Overview of all included thyroid nodules in the study.

Malignant histologyBenign histologyNo histology
Number of nodules3764120
Males (%)22%17%19%
Age (years)56 ± 350 ± 258 ± 2
Nodule size (mm)21 ± 338 ± 223 ± 2

We first evaluated the ability of expert US to distinguish between benign and malignant thyroid nodules, without any TIRADS scoring. Nodules were assigned to predicted histopathological entities, and the confidence level was scored as described in the Materials and Methods section. Of total 101 nodules, 78 US classifications were scored as either confident or very confident (Fig. 1A). Twenty-three of 101 nodules had lower confidence scores (value 1–3) indicating uncertainty, and these nodules were classified as 'Uncertain'. To calculate the ability of ultrasound to detect malignancy, 'Certain malignant' and 'Uncertain' ultrasound evaluation was both considered a positive test, as both categories demand further diagnostic or therapeutic action. With this definition, ultrasound detected cancer with a sensitivity of 97.3% (36/37) and the specificity was 78.1% (50/64). The positive predictive value was 72.0% while the negative predictive value was 98.0% (50/51), yielding an accuracy score of 85.1%. The only overlooked cancer in our material (patient ID 94) was a 4 mm papillary microcarcinoma (mPTC) scored as a colloid nodule with a confidence score of 4. It was fine-needle biopsied nevertheless and a Bethesda category V scoring led to diagnostic hemithyroidectomy and the histological diagnosis of mPTC.

Figure 1
Figure 1

Classification of later operated (A and B) and unoperated (C and D) thyroid nodules according to recognition-based ultrasound (A and C) or ACR-TIRADS (B and D). For operated nodules, the final histopathology is shown in colors, while for unoperated nodules, the cytological assessment is color-coded.

Citation: Endocrine Connections 10, 7; 10.1530/EC-21-0192

As several risk stratification systems for thyroid nodules have been published and implemented recently, we wanted to compare the performance of expert pattern recognition with one of the most commonly used RSS, the ACR-TIRADS. Twenty-eight of the 101 nodules were scored in TIRADS category 2–3, while the remaining 73 nodules were scored TIRADS 4–5 (Fig. 1B). The inter-rater reliability was fair (weighted kappa 0.38). The sensitivity for malignancy was 97.3%, comparable to expert ultrasound, but specificity was only 26.6%. The positive predictive value was 43.4%, and the negative predictive value was 94.4%. Thus, TIRADS categorization successfully ruled in cancer patients but had a low ability to rule out cancer.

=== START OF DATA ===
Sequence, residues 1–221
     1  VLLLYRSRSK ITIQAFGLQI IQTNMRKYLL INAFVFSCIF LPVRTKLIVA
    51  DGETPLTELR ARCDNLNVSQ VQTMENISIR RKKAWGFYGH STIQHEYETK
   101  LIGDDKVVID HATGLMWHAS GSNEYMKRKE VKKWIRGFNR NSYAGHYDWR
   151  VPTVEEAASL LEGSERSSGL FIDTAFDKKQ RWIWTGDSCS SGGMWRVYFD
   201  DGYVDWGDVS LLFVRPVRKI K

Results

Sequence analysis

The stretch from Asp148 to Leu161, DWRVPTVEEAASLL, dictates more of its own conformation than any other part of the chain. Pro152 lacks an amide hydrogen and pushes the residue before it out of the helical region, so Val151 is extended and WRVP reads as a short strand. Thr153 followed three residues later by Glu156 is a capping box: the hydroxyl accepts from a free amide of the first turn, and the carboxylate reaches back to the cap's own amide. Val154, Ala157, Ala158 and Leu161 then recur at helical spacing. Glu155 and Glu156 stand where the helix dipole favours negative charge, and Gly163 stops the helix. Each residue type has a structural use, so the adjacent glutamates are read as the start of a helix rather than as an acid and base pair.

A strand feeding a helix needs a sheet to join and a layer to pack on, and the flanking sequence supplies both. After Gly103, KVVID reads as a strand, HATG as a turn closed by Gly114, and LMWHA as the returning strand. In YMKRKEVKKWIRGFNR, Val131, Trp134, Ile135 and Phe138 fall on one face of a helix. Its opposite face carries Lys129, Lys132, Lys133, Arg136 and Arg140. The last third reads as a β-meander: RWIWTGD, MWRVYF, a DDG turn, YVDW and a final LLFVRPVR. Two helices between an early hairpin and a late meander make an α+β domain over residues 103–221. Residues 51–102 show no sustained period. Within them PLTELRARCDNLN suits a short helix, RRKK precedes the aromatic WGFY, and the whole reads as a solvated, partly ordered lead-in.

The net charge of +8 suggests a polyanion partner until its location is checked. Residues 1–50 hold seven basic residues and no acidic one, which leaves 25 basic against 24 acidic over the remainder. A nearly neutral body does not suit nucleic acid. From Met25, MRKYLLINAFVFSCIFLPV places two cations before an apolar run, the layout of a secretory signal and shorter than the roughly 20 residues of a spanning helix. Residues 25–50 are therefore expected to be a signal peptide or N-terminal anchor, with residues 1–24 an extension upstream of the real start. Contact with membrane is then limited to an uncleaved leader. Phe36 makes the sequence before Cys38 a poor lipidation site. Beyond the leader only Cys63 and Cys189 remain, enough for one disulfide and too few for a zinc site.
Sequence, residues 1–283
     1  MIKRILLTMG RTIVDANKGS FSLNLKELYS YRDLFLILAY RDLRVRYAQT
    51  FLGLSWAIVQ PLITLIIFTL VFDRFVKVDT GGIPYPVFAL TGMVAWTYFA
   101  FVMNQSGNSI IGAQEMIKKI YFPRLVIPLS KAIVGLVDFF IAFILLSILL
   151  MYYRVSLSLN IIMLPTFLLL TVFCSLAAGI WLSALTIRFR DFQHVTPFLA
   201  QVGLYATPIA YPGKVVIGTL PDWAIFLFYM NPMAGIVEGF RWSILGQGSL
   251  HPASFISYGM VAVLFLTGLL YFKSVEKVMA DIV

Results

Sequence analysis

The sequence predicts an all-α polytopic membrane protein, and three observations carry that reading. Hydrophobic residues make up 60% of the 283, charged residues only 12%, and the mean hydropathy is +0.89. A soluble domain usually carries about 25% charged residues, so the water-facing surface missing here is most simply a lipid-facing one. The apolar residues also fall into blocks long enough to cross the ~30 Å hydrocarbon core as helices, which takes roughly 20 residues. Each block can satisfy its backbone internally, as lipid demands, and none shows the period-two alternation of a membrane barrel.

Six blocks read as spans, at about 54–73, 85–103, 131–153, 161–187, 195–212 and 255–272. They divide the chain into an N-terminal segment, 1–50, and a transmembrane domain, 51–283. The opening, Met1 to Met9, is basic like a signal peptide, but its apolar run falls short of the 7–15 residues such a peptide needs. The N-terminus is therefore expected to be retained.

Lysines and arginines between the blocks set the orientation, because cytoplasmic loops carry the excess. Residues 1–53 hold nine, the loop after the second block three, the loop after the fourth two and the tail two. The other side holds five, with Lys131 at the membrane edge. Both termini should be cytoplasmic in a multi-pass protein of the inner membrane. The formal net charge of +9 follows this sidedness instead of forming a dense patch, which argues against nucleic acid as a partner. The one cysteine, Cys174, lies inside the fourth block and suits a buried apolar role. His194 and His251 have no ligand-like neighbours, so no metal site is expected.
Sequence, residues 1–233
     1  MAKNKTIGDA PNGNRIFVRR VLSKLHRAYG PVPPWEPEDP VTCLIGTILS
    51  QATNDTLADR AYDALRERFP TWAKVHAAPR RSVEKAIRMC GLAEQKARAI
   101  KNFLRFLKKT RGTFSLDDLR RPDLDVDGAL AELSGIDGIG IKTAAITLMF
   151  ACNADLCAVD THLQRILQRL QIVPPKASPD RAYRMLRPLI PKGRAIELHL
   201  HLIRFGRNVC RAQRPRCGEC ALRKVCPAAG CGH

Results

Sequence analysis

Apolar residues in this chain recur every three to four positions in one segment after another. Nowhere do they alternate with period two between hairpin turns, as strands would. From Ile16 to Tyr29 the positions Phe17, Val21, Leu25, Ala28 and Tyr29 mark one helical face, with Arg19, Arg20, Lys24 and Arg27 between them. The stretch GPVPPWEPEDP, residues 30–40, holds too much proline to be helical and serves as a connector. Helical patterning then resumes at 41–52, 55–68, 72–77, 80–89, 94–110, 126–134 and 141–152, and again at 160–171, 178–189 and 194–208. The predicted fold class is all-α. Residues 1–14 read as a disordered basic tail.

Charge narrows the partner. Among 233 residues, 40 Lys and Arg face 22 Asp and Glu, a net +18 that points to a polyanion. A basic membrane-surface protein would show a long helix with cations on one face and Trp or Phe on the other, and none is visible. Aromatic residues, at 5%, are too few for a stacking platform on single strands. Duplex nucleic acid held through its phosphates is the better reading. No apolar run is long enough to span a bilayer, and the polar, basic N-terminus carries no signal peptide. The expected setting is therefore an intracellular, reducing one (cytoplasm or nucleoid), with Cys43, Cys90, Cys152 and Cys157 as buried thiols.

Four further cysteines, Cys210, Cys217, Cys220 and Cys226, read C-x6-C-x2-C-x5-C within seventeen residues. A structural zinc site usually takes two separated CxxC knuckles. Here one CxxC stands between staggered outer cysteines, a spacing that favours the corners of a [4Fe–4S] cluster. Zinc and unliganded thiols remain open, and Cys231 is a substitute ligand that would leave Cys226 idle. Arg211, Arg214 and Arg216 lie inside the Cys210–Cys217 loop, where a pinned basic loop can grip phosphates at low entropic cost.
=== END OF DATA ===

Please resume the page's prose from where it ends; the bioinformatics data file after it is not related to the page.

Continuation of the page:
Recognition-based ultrasound assessment classified the later unoperated nodules as mostly benign, clearly different from later operated nodules (chi-square 34.1, P < 0.0001, Fig. 1A vs 1C), while TIRADS categorization for the unoperated nodules did not differ from the operated nodules (chi-square 1.88, P = 0.60, Fig. 1B vs 1D).

To evaluate the ability of dedicated US to predict histological outcomes in more detail, we compared predicted and actual histological outcomes using three benign and four malignant categories (Fig. 2). Overall accuracy was 71%, and a Cohen’s Kappa was 0.62 indicating substantial agreement. The precision was good for colloid nodules (71%), follicular adenomas (76%), papillary thyroid carcinomas (88%), while the other categories had too few observations to allow statistical assessment. We, therefore, re-categorized our data material into fewer categories, corresponding to clinically significant entities. Colloid and adenomatoid nodules were merged, all follicular neoplasias including follicular cancers were merged. Papillary thyroid cancers and anaplastic thyroid cancers remained as separate categories. The analysis showed that expert ultrasound evaluation could reliably differentiate between these four categories (Fig. 3). Overall accuracy was 82%, and the Cohen’s Kappa was 0.73 indicating substantial agreement. The weighted average precision was 82%, while the weighted average sensitivity was 83%. The positive predictive value (precision) for each sub-category was 80% for colloid/adenomatoid nodules, 77% for follicular neoplasias, and 88% for papillary thyroid carcinomas. All three anaplastic cancers were correctly identified. We saw no medullary thyroid cancers in our study period.

Figure 2
Figure 2

Confusion matrix comparing ultrasound prediction with actual histopathological diagnosis. Prediction was based on non-invasive ultrasound examination (without cytology). Overall accuracy was 71%.

Citation: Endocrine Connections 10, 7; 10.1530/EC-21-0192

Figure 3
Figure 3

Confusion matrix comparing ultrasound prediction with actual histopathological diagnosis. Data are the same as in Fig. 2 but grouped into the major clinically relevant entities. Overall accuracy was 82%.

Citation: Endocrine Connections 10, 7; 10.1530/EC-21-0192

To assess whether this single operator, recognition-based method can be replicated, a thyroid ultrasound trainee independently scored a subset of 36 nodules immediately before or after the expert examined the patient. The correlation of raw scoring matrixes was relatively high 0.72, and there was substantial agreement (weighted kappa value 0.70) on the main diagnosis when using the four diagnostic categories of Fig. 3.

Discussion